Phillips later worked as a football color analyst for television and radio. He subsequently retired to his horse ranch in Goliad, Texas.
His son, Wade Phillips, has also held assistant and head coaching jobs in the NFL and was the head coach of the Dallas Cowboys from February 2007 to November 2010. Wade was hired by the Houston Texans on January 5, 2011, as their new defensive coordinator almost exactly 30 years after his father was terminated by Oilers owner Bud Adams on December 28, 1980, after the Oilers failed to advance past the first round of the playoffs. Wade won a Super Bowl title at Super Bowl 50 with the Denver Broncos as defensive coordinator, and is now defensive coordinator of the Los Angeles Rams who advanced to Super Bowl LIII.
His grandson Wes is also an NFL assistant coach.
In 2010, he published his memoirs, Bum Phillips: Coach, Cowboy, Christian.
Phillips died at his ranch in Goliad, Texas, on October 18, 2013, at the age of 90. He was survived by his second wife, Debbie, and six children from his first marriage along with almost two dozen grandchildren. The cause was not given.
In honor of Bum Phillips coaching both Nederland and Port Neches-Groves High Schools, the rivalry game between his two favorite schoolswill now be named the Bum Phillips Bowl.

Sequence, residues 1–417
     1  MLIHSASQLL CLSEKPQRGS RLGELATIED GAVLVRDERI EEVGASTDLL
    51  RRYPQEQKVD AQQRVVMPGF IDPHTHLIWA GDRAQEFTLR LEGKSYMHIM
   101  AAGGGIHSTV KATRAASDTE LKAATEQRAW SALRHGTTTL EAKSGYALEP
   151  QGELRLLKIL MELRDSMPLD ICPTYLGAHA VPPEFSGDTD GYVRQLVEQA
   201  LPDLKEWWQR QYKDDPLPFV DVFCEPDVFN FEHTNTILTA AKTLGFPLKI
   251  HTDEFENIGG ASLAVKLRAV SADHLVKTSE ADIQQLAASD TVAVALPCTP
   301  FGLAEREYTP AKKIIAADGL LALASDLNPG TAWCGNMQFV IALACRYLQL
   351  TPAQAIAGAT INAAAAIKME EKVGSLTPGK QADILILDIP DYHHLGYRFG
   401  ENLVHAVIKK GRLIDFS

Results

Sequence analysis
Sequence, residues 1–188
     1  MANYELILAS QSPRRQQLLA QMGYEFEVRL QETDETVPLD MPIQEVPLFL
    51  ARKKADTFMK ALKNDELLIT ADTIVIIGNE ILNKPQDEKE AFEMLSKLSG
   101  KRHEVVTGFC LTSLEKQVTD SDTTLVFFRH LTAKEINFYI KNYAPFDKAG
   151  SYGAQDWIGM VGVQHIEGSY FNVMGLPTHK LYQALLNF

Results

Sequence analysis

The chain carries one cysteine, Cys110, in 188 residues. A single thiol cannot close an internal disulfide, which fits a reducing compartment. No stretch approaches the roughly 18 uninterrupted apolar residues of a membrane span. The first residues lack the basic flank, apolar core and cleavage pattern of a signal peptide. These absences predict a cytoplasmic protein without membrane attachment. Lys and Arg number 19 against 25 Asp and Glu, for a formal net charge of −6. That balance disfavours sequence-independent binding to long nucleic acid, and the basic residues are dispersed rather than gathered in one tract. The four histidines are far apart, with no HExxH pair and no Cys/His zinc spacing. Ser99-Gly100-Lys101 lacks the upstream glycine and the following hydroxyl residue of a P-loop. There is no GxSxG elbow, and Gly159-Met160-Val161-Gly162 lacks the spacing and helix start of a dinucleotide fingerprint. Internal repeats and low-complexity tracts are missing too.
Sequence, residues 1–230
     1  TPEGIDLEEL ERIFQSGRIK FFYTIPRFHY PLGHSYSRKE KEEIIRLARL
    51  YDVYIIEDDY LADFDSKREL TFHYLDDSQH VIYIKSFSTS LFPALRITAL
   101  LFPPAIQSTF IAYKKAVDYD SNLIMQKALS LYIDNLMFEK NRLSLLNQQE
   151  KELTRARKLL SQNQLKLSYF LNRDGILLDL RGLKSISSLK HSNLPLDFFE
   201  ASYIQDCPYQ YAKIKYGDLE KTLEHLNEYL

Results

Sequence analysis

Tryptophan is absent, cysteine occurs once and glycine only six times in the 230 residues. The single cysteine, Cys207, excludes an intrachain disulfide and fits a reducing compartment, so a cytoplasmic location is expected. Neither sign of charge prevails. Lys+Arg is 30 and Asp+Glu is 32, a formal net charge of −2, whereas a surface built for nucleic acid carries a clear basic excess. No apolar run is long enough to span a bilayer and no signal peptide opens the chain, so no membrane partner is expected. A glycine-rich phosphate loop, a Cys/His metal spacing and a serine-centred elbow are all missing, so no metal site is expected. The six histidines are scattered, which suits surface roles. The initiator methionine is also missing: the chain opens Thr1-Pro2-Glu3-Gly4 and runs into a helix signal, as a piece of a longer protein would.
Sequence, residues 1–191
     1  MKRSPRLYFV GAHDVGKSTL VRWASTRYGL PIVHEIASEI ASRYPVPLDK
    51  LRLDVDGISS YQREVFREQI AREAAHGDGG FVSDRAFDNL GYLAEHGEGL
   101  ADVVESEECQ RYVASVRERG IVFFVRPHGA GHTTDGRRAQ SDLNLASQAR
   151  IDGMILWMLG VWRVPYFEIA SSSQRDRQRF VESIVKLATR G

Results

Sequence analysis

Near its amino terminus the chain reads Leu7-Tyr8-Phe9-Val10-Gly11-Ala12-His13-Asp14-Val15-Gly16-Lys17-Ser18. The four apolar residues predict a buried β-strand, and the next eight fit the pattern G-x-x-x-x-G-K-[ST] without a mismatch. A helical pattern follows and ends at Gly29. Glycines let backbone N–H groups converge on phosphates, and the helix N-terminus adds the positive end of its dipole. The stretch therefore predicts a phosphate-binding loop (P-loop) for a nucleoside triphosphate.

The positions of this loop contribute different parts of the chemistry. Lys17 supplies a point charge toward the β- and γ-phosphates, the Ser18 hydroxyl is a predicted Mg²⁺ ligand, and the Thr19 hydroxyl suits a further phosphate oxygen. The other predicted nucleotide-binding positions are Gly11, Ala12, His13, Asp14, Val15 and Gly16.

Phillips was known for his trademark Stetson cowboy hat on the sidelines, except when the Oilers played in the Astrodome or other domed stadiums. He stated that his mother taught him not to wear a hat indoors; his former boss Bear Bryant similarly refused to wear his trademark houndstooth hat during indoor games.Phillips wore his cowboy hat with blue jeans and a button down shirt, in contrast to Dallas Cowboys head coach Tom Landry who wore a suit and tie with his trademark fedora.
Besides his trademark cowboy hat, Phillips is also known for his colorful quotes, such that Sports Illustrated noted that Wikipedia had a whole section of his page dedicated to these quips. In the week leading up to Super Bowl LIII, his son Wade was quoted as saying “Unfortunately, I get older but Tom Brady doesn’t,” while sporting the elder Phillip's sheepskin coat and cowboy hat as the Los Angeles Rams arrived in Atlanta.
|Texas Western Miners (NCAA University Division independent)(1962)|
|Won||Lost||Ties||Win %||Finish||Won||Lost||Win %||Result|
|HOU||1975||10||4||0||.714||3rd in AFC Central||-||-||-||-|
|HOU||1976||5||9||0||.357||4th in AFC Central||-||-||-||-|
|HOU||1977||8||6||0||.571||2nd in AFC Central||-||-||-||-|
|HOU||1978||10||6||0||.571||2nd in AFC Central||2||1||.667||Lost to Pittsburgh Steelers in AFC Championship Game.|
|HOU||1979||11||5||0||.688||2nd in AFC Central||2||1||.667||Lost to Pittsburgh Steelers in AFC Championship Game.|
|HOU||1980||11||5||0||.688||2nd in AFC Central||0||1||.000||Lost to Oakland Raiders in AFC Wild-Card Game.|
|NO||1981||4||12||0||.250||4th in NFC West||-||-||-||-|
|NO||1982||4||5||0||.444||9th in NFC||-||-||-||-|
|NO||1983||8||8||0||.500||3rd in NFC West||-||-||-||-|
|NO||1984||7||9||0||.438||3rd in NFC West||-||-||-||-|